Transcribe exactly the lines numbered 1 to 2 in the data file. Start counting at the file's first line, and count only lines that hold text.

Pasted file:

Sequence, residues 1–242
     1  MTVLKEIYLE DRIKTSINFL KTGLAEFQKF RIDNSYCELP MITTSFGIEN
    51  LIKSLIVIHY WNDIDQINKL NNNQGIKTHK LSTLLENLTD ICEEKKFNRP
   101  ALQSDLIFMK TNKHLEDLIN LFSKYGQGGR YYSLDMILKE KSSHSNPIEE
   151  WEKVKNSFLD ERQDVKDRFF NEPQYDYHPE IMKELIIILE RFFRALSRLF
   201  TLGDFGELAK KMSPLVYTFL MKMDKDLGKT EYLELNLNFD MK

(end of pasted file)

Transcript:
Sequence, residues 1–242
     1  MTVLKEIYLE DRIKTSINFL KTGLAEFQKF RIDNSYCELP MITTSFGIEN